This post may contain affiliate links or mention our own products, please check out our disclosure policy.

Just Wait Until You See The Hand-Painted Details On This Homemade Vardo

When building a trailer for the first time, most people want to keep it simple. Not art teacher Laurie Gatlin and her husband Dale Robertson. This Long Beach, California couple decided to go all the way with an exquisite vardo that features Dale’s construction and remodeling skills and Laurie’s painting and design talents.

Laurie and Dave’s beautiful vardo features a mural of their state birds.


A vardo is a traditional Romani wagon that usually features a sleeping and cooking area, a full size door and even a small cast iron stove. Laurie and Dave’s vardo is a Reading model named after the Berkshire town where the design was first created. Laurie was enamored with the design possibilities of vardos and first thought about a buying a small travel trailer and customizing it. Dave said, “Why don’t we build one?”

Sign up for the newsletter today!

Please enter a valid email address.

An error occurred. Please try again later.

× logo

Thank you for subscribing to the Do It Yourself RV newsletter, keep your eye on your inbox for updates.

“At first I thought it was a crazy idea, but one morning I woke up really early, got online to look at vardo designs and fell down the rabbit hole on the internet. When he woke up, I said, “We’re going to build a camper!” I love the gypsy wagon look and I figured here was a chance to do all kinds of over-the-top design ideas.”

The couple did an initial mockup of the vardo in cardboard.


The vardo stands on a sale-priced Harbor Freight trailer.


Most of the vardo is built with inexpensive wood right off the lumber rack.



The couple first mocked up their design with cardboard, and then using a Harbor Freight trailer (purchased with a 4th of July sale coupon) the couple began their build. They’ve used inexpensive lumber from big box stores: tongue and groove for the two ends, 1×2 framing and plywood beadboard, with 1×4 framing for the roof frame.

The roof is made of painter’s canvas, glue and exterior paint. Laurie then stenciled her own design.


They used “poor man’s fiberglass” (a combination of drop cloth canvas coated with exterior paint) for the roof and are hoping to use all recycled materials for the interior. Several old cabinets and armoires will be used for interior cabinetry.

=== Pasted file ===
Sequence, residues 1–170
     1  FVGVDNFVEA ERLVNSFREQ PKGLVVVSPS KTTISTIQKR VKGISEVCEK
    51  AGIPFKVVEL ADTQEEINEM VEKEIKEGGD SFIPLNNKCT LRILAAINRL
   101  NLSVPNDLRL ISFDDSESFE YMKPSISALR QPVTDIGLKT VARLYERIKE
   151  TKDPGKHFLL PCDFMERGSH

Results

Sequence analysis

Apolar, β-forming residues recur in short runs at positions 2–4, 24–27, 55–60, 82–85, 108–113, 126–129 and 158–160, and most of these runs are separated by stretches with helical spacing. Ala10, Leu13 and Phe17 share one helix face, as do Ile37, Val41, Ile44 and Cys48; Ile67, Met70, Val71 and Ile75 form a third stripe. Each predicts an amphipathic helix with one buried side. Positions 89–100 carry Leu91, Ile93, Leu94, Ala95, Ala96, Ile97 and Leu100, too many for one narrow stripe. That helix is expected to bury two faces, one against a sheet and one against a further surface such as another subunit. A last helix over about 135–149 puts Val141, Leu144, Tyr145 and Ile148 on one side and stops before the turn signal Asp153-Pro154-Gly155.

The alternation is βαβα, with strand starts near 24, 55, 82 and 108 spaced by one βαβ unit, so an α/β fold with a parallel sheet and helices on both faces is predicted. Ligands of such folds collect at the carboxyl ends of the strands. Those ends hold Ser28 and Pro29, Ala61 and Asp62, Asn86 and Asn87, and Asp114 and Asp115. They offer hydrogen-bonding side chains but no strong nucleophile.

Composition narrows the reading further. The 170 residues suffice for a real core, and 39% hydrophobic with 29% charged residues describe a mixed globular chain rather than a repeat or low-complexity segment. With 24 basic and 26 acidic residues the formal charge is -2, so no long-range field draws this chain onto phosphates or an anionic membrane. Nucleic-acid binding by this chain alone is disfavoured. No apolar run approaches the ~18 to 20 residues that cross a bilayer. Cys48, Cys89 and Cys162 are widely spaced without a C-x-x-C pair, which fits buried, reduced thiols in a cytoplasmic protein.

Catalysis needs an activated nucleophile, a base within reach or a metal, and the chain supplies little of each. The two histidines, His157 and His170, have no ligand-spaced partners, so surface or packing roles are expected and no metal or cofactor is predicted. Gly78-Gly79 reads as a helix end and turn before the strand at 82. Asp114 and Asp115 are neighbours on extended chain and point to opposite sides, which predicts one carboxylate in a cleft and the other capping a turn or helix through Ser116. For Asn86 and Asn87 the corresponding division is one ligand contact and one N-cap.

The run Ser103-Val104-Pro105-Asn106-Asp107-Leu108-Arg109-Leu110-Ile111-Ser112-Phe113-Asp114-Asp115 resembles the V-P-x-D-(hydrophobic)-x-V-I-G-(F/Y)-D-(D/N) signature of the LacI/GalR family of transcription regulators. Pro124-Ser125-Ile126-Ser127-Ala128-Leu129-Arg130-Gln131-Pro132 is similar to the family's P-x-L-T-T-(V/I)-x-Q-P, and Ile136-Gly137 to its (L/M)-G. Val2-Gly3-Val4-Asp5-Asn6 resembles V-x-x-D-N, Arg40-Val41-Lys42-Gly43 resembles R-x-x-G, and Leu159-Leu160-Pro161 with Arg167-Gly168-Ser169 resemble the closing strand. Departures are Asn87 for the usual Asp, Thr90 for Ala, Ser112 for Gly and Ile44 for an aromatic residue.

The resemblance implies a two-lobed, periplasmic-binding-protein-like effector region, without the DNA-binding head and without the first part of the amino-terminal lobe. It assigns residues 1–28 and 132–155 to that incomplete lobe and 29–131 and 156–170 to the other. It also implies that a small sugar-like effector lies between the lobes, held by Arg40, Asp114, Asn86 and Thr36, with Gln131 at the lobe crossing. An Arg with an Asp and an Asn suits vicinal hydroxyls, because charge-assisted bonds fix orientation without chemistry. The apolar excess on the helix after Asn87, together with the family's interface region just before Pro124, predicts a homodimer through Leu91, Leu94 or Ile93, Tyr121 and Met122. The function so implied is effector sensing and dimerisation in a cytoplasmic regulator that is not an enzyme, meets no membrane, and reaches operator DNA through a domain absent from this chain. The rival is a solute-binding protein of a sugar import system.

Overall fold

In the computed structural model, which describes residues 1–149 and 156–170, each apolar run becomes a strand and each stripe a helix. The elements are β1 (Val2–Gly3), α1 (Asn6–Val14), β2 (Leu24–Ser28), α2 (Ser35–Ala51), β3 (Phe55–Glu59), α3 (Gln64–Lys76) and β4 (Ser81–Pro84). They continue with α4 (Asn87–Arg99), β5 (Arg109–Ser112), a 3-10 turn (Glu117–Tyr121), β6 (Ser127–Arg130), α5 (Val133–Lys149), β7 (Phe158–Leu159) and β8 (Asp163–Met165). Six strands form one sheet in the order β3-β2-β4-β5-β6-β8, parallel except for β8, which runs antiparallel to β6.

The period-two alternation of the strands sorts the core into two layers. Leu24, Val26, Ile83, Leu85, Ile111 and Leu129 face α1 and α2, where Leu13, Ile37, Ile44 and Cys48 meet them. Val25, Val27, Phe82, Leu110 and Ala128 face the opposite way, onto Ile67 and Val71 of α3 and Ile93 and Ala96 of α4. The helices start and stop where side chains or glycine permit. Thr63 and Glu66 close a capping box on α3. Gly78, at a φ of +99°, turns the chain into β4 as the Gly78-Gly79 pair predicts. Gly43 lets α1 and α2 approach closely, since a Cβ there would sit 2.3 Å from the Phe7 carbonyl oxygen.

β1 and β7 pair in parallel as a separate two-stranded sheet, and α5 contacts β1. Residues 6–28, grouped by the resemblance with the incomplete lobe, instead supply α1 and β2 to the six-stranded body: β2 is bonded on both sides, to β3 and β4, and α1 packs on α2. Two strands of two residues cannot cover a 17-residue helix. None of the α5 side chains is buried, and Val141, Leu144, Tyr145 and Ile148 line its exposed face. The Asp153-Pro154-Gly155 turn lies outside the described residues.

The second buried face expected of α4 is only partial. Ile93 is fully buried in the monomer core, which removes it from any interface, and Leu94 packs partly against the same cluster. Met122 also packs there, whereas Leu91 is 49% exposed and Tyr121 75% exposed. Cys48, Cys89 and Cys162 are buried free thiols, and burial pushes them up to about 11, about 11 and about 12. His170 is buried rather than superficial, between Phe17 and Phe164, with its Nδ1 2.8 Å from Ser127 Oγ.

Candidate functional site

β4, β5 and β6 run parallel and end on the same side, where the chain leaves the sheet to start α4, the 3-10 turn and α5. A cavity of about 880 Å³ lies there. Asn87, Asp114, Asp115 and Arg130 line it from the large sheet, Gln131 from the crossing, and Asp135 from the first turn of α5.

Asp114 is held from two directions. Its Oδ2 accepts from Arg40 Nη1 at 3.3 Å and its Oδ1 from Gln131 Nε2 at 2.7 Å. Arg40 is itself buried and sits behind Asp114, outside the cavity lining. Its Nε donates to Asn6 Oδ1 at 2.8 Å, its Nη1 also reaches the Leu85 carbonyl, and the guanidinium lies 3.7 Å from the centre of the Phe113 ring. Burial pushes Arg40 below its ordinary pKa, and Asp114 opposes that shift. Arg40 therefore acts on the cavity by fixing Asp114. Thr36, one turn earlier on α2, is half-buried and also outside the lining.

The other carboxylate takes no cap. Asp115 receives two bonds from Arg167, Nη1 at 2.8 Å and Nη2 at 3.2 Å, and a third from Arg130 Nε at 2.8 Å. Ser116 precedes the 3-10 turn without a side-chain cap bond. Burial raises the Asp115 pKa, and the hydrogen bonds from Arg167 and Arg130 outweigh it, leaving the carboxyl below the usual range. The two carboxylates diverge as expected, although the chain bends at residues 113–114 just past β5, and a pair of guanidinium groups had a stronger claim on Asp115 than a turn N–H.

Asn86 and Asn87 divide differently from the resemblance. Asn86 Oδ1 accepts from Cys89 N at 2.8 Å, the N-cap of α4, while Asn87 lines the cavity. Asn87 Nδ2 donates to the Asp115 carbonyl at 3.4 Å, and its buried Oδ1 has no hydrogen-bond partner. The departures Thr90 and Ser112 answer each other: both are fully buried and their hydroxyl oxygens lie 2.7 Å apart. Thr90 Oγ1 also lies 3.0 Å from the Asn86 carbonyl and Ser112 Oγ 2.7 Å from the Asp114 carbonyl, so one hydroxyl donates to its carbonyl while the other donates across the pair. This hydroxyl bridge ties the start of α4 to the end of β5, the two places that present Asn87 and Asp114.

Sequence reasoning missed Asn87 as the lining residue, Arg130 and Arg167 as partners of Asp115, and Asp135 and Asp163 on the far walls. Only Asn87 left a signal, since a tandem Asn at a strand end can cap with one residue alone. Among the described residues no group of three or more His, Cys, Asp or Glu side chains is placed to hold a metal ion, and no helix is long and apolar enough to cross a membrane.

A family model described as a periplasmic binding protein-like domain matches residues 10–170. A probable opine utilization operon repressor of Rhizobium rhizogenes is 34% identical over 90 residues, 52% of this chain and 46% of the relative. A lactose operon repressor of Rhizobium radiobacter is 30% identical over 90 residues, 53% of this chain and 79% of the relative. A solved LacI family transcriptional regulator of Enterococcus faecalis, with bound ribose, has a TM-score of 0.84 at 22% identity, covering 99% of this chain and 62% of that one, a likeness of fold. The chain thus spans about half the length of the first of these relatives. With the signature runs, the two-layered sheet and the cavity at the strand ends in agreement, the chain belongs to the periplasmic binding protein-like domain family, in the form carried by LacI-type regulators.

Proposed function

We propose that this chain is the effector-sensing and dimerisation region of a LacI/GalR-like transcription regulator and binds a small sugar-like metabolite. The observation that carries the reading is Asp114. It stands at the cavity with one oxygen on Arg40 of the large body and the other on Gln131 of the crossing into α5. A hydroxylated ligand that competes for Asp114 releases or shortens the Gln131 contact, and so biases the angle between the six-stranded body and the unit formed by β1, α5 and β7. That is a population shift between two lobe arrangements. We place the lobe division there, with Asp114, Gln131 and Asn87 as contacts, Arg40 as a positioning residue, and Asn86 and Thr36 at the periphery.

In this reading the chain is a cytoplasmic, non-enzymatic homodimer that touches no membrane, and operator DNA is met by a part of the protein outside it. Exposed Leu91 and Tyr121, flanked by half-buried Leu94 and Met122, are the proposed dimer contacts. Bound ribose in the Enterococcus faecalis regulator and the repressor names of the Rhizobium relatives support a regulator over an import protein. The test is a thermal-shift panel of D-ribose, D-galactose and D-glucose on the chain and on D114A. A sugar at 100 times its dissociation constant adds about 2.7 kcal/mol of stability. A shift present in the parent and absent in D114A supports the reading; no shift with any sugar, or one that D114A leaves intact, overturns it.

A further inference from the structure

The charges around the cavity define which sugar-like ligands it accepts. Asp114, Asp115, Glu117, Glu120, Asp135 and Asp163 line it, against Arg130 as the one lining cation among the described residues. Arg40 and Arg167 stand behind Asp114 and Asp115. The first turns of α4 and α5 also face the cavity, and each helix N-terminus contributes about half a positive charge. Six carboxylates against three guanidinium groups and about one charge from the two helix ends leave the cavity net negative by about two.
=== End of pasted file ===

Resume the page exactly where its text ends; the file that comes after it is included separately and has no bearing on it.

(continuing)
It’ll keep costs down and also give us some fun problems to solve in creative ways.

The Dutch door features a few of the couple’s favorite birds.


What will really attract attention on the road are Laurie’s painted details on the Dutch door and windows. She teaches art at a local college and knew their vardo would have to have a lot of decorative painting. They wanted both of their home states (California and Indiana) represented as well as their love of nature and gardening.

We each picked two birds (he chose the state bird of Indiana and a midwest blue jay, I chose crows, which I love, and seagulls to represent California). He gets a lot of input on the decorations, but they’re all executed by me.



Laurie and Dave plan to travel the country in their colorful camper.


The couple plan to take their summers off and tow the vardo to U.S. National Parks and to the Midwest. They also want to keep their costs down with the trailer by making it as light as possible.

We’re trying to keep it as lightweight as we can, since it’s taller than teardrop or other smaller trailers. We want to keep the costs down as well, our budget is to keep this project under $3,000.

Photos courtesy of Laurie Gatlin

Leave a Comment

Welcome! Please follow these guidelines:

  • Be kind and respectful.
  • Keep comments relevant to the article.
  • Avoid insults, threats, profanity, and offensive remarks.
  • Refrain from discussing gun rights, politics, or religion.
  • Do not post misleading information, personal details, or spam.

We may hide or remove comments at our discretion.